India is proving to be a hotspot for renewable energy.
Renewables will soon be responsible for more than a fifth of India’s electricity generation, Power Minister R. K. Singh said this week. Behind the trend are steps the country has taken to encourage investing in renewables, such as allowing foreign investors to own 100% of projects in the sector, strengthening purchasing power agreements and providing tax breaks for plants producing solar cells, batteries and other clean energy technology.
Renewables will contribute around 21% of total electricity demand for 2021-22 and 24% by 2026-27, Singh said, according to the Economic Times. The country in 2019 was expected to produce 17% of its energy from wind, solar and other replenishable sources, the International Energy Agency said.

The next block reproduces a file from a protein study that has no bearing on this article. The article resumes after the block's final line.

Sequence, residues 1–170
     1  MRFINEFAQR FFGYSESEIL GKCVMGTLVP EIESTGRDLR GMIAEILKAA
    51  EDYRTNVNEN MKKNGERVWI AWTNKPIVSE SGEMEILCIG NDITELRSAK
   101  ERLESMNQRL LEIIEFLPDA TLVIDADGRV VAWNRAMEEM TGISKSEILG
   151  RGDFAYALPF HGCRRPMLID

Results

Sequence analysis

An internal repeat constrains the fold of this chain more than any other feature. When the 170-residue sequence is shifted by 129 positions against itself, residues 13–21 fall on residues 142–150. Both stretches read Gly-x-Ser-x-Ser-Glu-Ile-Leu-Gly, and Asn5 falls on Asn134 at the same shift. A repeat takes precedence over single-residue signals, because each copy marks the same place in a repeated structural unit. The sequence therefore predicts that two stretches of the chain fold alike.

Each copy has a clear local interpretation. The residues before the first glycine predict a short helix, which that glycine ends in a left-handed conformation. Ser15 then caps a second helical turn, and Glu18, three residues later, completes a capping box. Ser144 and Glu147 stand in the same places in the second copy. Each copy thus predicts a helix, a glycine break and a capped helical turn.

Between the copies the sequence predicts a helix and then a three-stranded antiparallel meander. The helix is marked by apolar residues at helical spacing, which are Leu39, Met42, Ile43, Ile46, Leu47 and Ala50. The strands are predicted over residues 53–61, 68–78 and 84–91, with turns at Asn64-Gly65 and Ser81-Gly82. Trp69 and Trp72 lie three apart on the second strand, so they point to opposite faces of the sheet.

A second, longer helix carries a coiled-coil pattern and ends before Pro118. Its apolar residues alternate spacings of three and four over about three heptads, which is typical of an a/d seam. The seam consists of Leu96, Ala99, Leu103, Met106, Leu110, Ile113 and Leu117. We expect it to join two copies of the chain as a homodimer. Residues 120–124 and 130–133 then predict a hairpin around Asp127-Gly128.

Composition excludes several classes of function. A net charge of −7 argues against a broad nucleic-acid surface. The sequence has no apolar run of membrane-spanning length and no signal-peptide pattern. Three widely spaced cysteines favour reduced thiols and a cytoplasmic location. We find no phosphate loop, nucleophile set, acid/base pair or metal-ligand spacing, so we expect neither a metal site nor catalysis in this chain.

India is setting up renewable energy parks to provide land and transmission connections to investors, and will give waivers of inter-state transmission charges for solar and wind electricity projects that are commissioned by the end of 2022, Singh said. The government intends to install 175 gigawatts of renewable energy capacity by 2022.
This comes a few days after Finance Minister Nirmala Sitharaman announced $3.08 billion in stimulus for the sector in the 2020-2021 budget. The government plans to finance 3.5 million solar water pumps and develop land along railway tracks for renewable energy projects.
India, the second-most populated country with 1.31 billion inhabitants, has a lot of work to do to meet its goals and deal with air pollution. The country pledged when it signed the Paris Agreement to curb global warming that renewables will account for 40% of power generation capacity by 2030.
India is home to 22 of the world’s 30 most polluted cities, according to IQ AirVisual, a Swiss-based group that gathers air-quality data, and Greenpeace.